Green Infrastructure Projects

    Project: Research project

    Project Details


    Green infrastructure refers to projects that improve the local environment and address climate change, such as renewable energy, low-carbon public transportation, water management and sanitation, pollution control, and ecosystem services. According to OECD estimates, approximately US$6.9 trillion per year in green infrastructure will be required from now until 2030 to meet the Paris Agreement goals. Despite enormous green infrastructure investment opportunities, we know little about how the funding gap between estimated and actual green infrastructure investments should be met. In this project, we aim to study green infrastructure projects financed using the project financing technique, reveal their determinants, and quantify their real and environmental effects.

    Project financing refers to “the creation of a legally independent project company financed with nonrecourse debt and equity from one or more sponsors for the purpose of investing in a capital asset”. Given the recent boom in the green finance market, it is timely and essential to study green project finance that predominately uses bank loans to raise capital specifically for environmental and climate-friendly infrastructure projects.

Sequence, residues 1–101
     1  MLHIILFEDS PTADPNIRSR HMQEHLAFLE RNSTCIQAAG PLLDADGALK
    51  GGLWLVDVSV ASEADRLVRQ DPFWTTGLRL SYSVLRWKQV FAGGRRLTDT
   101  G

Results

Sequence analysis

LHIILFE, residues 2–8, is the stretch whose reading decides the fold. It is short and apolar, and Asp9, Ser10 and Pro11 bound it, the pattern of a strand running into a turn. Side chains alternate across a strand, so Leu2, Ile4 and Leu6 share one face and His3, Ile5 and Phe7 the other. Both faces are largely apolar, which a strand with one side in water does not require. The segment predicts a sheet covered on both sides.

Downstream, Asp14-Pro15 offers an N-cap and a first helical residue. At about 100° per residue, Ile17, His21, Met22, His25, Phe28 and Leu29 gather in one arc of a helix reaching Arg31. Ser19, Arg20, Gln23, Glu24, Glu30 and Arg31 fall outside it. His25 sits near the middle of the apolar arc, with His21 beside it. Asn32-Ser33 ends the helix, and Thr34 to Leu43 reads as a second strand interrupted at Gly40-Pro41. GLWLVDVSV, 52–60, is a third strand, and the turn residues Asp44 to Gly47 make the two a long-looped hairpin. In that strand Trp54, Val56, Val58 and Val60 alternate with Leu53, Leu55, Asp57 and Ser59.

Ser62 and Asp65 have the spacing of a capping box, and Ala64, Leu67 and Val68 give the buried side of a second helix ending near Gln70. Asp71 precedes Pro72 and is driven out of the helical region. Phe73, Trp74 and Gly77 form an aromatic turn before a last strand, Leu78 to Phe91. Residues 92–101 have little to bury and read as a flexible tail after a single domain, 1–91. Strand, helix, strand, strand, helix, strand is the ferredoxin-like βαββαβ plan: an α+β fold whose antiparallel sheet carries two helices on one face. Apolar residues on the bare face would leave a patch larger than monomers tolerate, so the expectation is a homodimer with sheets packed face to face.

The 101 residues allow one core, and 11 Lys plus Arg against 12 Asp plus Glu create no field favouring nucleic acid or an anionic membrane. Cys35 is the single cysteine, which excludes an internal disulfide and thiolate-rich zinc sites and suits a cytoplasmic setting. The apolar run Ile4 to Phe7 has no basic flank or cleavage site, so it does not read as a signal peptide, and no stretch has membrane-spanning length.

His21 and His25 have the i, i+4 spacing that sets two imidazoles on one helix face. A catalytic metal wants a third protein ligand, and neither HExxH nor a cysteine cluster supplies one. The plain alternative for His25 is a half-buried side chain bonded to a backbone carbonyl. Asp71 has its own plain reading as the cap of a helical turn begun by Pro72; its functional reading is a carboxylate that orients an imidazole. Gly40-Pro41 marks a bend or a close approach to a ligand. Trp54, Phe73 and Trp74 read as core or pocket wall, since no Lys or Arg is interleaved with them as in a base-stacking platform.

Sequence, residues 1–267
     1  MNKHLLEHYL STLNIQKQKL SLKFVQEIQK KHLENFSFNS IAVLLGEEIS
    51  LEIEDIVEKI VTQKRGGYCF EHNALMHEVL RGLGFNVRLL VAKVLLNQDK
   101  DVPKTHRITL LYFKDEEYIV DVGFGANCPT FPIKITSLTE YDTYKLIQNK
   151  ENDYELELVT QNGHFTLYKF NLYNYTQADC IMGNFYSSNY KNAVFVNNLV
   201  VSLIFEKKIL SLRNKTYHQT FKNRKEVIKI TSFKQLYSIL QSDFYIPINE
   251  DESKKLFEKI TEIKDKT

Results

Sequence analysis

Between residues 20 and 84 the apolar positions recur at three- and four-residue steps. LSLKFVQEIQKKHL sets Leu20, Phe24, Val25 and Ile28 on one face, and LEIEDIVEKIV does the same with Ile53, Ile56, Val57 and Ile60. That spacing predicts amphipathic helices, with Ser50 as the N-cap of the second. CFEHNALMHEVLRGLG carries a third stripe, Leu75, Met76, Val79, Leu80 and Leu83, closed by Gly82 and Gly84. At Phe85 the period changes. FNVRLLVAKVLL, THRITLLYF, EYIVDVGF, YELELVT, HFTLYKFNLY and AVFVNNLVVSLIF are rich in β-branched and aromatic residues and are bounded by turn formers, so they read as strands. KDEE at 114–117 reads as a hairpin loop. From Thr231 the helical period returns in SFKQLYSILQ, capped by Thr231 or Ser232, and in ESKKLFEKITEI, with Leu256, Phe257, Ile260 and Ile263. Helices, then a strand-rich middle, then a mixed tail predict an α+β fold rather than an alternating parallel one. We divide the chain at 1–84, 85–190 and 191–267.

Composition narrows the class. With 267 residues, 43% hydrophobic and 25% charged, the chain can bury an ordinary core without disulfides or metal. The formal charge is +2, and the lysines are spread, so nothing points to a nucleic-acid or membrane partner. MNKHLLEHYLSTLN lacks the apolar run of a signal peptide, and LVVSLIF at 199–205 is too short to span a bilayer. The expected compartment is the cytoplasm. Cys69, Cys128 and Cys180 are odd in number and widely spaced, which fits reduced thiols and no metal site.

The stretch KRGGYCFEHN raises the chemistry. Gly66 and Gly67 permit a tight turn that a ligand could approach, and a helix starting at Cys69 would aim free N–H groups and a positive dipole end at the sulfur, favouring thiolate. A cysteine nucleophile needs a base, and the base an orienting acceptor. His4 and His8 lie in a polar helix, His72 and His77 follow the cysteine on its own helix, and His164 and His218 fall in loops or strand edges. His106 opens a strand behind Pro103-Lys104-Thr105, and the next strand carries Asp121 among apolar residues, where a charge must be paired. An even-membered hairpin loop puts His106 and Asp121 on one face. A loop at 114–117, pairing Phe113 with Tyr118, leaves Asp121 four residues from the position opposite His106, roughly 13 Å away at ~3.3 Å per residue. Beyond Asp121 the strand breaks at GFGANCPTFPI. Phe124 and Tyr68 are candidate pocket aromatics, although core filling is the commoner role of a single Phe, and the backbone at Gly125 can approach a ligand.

Using a comprehensive international infrastructure dataset, we define green infrastructure projects using the use-of-proceeds eligibility criteria under the Green Bond Principle. To explore the determinants of green infrastructure investment, we examine if cities with higher environmental risks are more likely to initiate green infrastructure projects. In terms of capital raising, we examine if banks adopting the Equator Principles and institutional investors with ESG preferences are more likely to fund green infrastructure projects. In the context of project financing, loans are repaid by future cash flows generated by the standalone single-purpose project. We will use this feature to examine the effect of green use-of-proceeds on contracting, as well as the default and recovery rates of project finance loans. Specifically, we investigate if green infrastructure projects have lower risks associated with transition and compliance, lower agency costs, more verifiable project cash flows, and stronger government support, thereby leading to more favorable contract terms, lower default probabilities, and higher recovery rates of green project finance loans. We will also examine how green projects influence the local environment and climate action.

    Overall, this work aims to reveal the importance of green infrastructure project financing and broaden understanding of financing tools available to support the global transition to a green economy. Moreover, our project has significant policy implications for Hong Kong as an international hub to promote green infrastructure financing.
    Effective start/end date1/01/23 → …


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